• Folly: Gathering intel is fun but requires a level of dissociation from the detective. You cannot presume to know what is important to your aging parent based on what was prioritized in your home. Religious observances, for example, may have just been a marital compromise. My grandparents were very observant Jews. They walked to temple, had separate dishes for meat and dairy, and even a separate kitchen for holidays that required cooking in a separate oven. But, my grandmother used to sneak me out of the house to share pork-filled wontons and other Chinese foods. Additionally, getting older ironically awakens the young, mischievous sides of us. In fact, based on the shrinking brain and decreased efficacy of neural pathways, the elderly act just as impulsively as adolescents. Stories like this one of mischief and mayhem are great ways to wake up a sleeping brain.
  • Triggers: I love fires. I went to overnight camp since I was 5 years old. My husband and I expressed our love in front of a fireplace. Whereas most of my friends share the warmth and comfort of a fire, it would be a mistake to think everyone has positive memories or impressions of huddling around a campfire. My father-in-law was badly burned as a child when trying to stamp out an innocent fire in the alley behind his apartment. It may make sense to share this story of how his son fell in love as a way to remember who I am or enjoy the shared experiences of finding love. Except, sharing the intimacy of the memory would nearly guarantee a traumatic response from my father-in-law. Taking the time to learn which memories are painful is just as important as learning which memories are pleasurable.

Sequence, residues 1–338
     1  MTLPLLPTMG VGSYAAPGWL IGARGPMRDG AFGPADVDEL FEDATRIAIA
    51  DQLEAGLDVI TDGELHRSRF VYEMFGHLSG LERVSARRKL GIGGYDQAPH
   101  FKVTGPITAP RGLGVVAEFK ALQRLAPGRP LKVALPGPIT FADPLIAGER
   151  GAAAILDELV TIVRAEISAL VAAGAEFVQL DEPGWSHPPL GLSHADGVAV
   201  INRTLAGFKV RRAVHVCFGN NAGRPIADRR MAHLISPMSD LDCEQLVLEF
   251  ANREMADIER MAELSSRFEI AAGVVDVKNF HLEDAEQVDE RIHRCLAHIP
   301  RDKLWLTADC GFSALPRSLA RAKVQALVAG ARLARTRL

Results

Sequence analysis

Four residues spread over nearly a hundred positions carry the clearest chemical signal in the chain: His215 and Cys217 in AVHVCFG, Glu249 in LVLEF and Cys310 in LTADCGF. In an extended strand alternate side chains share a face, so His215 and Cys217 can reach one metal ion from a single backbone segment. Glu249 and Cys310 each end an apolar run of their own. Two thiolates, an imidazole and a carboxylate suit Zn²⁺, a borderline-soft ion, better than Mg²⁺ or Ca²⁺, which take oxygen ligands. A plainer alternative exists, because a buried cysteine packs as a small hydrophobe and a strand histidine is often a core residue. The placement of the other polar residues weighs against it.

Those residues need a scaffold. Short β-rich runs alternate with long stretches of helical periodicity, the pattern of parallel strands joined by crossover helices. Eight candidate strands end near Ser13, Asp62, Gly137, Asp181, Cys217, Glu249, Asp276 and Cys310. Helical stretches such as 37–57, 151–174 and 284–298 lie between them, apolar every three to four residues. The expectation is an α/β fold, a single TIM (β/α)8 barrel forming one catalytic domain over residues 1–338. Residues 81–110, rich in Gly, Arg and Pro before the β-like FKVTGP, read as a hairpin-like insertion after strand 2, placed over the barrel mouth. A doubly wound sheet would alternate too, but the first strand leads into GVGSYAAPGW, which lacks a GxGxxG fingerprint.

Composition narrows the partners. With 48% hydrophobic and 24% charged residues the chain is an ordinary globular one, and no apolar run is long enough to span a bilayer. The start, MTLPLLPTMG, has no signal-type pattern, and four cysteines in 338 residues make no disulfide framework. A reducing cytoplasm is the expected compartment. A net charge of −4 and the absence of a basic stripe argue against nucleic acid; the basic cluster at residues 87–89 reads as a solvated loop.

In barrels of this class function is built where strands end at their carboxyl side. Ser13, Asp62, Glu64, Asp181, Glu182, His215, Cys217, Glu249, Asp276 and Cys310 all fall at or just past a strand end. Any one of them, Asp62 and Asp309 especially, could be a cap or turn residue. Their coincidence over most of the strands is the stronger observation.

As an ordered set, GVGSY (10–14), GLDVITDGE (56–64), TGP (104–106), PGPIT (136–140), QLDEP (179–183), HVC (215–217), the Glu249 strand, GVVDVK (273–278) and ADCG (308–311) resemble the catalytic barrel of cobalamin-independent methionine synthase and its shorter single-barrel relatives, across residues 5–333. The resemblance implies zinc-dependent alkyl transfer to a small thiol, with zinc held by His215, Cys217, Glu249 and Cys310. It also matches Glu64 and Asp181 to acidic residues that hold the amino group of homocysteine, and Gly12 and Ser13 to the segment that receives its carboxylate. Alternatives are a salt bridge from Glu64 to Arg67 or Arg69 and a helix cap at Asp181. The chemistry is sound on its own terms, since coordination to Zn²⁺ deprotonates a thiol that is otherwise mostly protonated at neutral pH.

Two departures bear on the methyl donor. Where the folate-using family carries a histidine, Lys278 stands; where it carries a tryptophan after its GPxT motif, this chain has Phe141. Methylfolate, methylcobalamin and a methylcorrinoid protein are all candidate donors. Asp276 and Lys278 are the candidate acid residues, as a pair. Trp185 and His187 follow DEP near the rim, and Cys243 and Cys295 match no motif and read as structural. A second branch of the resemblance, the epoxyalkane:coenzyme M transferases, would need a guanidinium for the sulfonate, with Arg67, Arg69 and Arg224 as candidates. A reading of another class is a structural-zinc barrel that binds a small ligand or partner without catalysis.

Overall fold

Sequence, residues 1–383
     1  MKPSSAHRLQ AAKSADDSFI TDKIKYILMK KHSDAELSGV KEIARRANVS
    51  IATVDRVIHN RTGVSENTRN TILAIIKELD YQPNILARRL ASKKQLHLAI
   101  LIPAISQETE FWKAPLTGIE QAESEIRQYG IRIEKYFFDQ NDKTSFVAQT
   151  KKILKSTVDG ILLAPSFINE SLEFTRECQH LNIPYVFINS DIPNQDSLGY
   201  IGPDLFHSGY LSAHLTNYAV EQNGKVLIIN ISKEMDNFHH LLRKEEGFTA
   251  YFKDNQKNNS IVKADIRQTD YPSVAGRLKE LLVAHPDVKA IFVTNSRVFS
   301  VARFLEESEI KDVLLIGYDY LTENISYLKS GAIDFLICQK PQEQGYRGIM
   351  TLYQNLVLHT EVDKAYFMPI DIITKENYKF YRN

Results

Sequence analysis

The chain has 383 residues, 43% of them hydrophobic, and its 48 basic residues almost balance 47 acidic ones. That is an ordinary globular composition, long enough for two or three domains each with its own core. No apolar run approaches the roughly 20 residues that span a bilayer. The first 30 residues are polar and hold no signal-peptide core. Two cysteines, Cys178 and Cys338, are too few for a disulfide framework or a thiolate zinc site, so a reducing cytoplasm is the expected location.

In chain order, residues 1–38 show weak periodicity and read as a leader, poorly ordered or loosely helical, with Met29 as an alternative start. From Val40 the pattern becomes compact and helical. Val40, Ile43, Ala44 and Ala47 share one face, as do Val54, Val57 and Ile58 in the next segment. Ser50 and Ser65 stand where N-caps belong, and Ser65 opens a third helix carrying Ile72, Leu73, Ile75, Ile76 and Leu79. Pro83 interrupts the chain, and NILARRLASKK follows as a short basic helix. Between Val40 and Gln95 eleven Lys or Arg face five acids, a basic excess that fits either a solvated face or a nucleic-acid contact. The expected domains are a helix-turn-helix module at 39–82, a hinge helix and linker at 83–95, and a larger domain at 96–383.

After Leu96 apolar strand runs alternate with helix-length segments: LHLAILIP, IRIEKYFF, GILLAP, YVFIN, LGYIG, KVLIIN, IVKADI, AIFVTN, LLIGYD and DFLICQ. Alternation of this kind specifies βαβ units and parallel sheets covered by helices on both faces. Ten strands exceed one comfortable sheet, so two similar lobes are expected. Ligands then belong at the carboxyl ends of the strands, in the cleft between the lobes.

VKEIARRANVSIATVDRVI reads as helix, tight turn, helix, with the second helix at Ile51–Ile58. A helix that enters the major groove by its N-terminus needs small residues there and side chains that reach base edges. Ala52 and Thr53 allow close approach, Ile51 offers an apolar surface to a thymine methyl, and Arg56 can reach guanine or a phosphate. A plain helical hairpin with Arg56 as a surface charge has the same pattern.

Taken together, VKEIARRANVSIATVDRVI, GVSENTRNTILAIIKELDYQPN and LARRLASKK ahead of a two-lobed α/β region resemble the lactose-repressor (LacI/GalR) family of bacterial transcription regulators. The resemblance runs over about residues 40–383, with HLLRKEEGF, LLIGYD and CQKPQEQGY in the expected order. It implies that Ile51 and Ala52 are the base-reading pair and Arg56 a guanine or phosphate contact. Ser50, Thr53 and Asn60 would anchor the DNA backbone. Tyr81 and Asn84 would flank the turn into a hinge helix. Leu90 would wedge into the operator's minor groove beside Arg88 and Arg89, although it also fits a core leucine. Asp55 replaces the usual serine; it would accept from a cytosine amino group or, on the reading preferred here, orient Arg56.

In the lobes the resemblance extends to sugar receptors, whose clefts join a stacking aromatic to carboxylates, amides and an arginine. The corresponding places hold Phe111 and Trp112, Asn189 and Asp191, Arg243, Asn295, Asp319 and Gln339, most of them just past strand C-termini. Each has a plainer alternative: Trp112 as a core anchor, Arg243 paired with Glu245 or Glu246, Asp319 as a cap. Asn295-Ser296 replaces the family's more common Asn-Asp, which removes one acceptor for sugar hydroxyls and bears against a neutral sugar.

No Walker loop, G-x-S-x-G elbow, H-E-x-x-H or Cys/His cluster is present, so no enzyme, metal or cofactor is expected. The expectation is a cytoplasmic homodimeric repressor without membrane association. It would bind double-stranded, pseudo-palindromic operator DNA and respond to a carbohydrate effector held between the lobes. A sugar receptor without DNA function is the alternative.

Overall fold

• Labels: My father loved to create nicknames for us. I loved to create nicknames for my students. Uncovering nicknames (not teasing, shameful name-calling) from childhood are helpful to grab your loved one out of their isolating zone. My father-in-law used his legal name, Harvey, all through school. But, he used his middle name, Scott, as an adult. This piece of family history is helpful insomuch a using the childhood name is more likely to create bonding moments.Aging works in reverse chronological order, the newer memories are the first ones to go. Our favorite possessions also have their own fond names. My mom and I had sequential license plates starting with the letters “LF” when I got my first car. We used them as proud monikers for the “lead foot” bestowed upon us by HER father, the man who urged everyone with a new car to open up the engine early to train it in case a need ever arose.